“I believe that this nation should commit itself to achieving the goal, before this decade is out, of landing a man on the Moon and returning him safely to the Earth.”

    Sorta puts Ms. Dale’s “statement” in its proper context.

  • Jim E-H

    I’ll be interested to see what becomes of this “plan” now that Rumsfeld is gone. I grew up in the Apollo era, so I love manned exploration, but this administration has really put a damper on that enthusiasm, especially with the damage to science from they’re “we’ll use cost as an excuse to justify cutting anything we don’t like, but without actually cutting overall spending.” Rumsfeld had a long history of favoring a military space force, and ever since it was announced, I’ve been suspicious that development of the “crew exploration vehicle” was just cover to put that plan into motion. With him gone, it might lose some support, or it might continue for at least the next two years from bureaucratic momentum or the administration’s refusal ever to admit error.

  • spyder

    My father was one of the principal design engineers, and project manager of the first stage, of the Saturn V launch vehicle and the three types of engines used in that system, and i am intimately aware of the J2, as well as the solid rocket booster assembly. It will be interesting to see how the Ares is going to be thoroughly tested prior to its use. As recent history has shown, NASA would rather launch and then discover problems, than actually put systems through complete R&D testing; something about money and expenses. One miscalculation (has that happened?) and the entire program goes up in a fireball over Florida.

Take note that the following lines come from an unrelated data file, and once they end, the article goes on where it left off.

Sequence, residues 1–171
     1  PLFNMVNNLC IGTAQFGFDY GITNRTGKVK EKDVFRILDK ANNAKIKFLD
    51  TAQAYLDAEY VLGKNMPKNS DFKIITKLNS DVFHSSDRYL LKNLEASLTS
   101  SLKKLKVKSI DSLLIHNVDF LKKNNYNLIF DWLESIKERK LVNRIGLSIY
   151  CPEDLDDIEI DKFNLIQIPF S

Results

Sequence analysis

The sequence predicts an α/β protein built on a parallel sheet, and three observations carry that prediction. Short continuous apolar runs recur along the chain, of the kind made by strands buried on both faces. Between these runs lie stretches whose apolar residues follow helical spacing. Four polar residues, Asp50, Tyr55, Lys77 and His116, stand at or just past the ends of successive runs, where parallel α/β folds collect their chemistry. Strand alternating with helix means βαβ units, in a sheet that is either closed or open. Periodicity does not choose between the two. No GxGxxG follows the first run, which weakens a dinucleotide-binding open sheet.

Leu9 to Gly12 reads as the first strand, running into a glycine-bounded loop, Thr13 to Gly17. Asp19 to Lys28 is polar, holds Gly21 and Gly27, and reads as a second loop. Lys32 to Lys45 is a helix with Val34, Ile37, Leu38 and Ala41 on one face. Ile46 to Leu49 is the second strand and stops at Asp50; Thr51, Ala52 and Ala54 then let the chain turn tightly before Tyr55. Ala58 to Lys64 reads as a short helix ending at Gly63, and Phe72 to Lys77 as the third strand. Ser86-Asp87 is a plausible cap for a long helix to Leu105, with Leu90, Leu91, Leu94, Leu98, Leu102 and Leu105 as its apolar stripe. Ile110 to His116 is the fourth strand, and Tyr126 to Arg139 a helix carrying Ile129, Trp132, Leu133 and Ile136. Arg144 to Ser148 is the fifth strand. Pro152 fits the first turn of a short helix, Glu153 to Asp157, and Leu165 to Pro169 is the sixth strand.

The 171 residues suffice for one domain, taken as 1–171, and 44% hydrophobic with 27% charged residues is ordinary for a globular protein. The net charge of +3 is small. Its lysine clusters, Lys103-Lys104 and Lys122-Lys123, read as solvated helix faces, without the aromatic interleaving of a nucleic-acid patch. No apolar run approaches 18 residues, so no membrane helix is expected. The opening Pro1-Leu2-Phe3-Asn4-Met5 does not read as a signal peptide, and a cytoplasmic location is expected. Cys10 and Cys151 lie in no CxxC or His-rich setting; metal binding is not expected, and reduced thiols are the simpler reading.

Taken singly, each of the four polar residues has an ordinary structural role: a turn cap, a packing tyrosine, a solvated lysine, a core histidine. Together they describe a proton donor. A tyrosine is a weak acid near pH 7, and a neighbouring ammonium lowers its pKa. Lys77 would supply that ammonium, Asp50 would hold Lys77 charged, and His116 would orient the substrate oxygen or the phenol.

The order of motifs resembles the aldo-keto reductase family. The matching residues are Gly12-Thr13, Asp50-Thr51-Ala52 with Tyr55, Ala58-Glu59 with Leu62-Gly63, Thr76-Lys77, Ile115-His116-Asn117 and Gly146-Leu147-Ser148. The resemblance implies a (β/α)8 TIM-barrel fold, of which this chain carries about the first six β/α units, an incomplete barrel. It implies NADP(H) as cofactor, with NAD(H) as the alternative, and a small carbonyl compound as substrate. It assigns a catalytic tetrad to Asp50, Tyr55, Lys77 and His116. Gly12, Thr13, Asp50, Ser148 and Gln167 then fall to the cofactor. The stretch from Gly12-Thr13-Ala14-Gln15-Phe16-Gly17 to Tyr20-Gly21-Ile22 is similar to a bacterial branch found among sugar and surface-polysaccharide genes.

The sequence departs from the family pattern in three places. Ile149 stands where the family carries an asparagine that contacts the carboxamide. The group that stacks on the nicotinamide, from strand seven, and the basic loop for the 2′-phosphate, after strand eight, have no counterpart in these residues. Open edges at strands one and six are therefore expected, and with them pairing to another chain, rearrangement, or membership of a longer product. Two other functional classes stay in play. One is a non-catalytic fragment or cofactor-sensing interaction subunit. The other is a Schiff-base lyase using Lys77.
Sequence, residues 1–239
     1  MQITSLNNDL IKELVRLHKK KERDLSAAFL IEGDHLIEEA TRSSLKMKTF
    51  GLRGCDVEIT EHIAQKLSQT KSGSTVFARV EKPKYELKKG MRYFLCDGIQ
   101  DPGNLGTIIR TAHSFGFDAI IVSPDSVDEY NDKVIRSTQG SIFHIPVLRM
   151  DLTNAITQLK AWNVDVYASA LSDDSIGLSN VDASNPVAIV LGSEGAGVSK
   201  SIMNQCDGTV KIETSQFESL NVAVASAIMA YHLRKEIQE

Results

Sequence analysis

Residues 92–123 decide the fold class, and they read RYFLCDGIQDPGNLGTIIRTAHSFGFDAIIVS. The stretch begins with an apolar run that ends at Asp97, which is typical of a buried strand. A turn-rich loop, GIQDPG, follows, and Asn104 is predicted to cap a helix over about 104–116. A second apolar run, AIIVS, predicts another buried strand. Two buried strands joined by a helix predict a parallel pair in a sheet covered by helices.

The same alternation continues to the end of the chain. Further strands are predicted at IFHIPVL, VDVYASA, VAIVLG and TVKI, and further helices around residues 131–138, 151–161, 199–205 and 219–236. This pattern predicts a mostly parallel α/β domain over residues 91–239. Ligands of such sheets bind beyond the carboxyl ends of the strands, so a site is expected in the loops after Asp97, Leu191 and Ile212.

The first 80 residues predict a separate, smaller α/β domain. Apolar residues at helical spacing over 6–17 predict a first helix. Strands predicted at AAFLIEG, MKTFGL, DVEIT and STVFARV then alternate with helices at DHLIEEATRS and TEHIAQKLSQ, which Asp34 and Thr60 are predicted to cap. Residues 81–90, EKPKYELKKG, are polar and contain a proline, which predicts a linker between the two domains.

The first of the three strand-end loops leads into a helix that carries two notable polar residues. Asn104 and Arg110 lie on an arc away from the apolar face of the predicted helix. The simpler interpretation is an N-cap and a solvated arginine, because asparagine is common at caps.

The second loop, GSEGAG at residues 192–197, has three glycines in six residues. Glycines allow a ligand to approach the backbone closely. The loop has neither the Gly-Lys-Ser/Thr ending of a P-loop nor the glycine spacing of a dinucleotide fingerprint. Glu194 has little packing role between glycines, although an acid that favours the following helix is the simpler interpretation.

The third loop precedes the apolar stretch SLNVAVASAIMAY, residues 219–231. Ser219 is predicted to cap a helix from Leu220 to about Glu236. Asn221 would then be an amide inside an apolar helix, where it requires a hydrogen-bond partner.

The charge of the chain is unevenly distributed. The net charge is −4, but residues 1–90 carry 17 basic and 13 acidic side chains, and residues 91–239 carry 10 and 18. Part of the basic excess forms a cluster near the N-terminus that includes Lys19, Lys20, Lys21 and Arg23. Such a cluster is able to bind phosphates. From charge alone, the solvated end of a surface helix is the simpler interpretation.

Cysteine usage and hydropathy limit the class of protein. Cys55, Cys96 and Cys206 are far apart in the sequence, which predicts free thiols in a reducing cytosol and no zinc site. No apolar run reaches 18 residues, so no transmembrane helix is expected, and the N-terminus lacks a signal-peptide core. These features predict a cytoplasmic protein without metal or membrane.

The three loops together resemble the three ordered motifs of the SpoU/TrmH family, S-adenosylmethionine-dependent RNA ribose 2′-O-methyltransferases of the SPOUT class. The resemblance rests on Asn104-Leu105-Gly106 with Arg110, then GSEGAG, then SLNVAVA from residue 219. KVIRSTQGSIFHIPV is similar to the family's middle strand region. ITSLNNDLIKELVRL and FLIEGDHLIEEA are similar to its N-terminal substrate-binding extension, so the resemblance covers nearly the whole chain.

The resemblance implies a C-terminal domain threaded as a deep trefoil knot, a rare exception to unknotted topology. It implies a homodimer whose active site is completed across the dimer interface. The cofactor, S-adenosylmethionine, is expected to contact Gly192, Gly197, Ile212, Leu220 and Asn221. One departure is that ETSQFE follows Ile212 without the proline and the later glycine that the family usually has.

• PK

    I agree: Manned space exploration and astrophysical research are two quite different things and should be funded separately. However, just because NASA wastes money on ISS and manned exploration does not mean that that money should go to non-space related destinations. If you want to put money into research for cleaner fuel, I say take it out of the defense budget: They use much more of it, and they have vastly more money.

  • Sean

    Just a word about the idea that science and exploration should be funded separately: nothing is funded separately, really, no matter what they might be pretending at any specific moment. At the end of the day, Congress makes a budget, and there are a bunch of reconcilliation committees that sit down to do the difficult balancing between the ideas of the House, Senate, and OMB, not to mention individual agencies and countless lobbyists. And everything is on the table. Not even just NASA — the NSF budget, for example, has been held back by OMB types saying “Sorry, we need that money for Moon/Mars.” As long as this ungainly beast needs to be fed, science money will be hard to come by.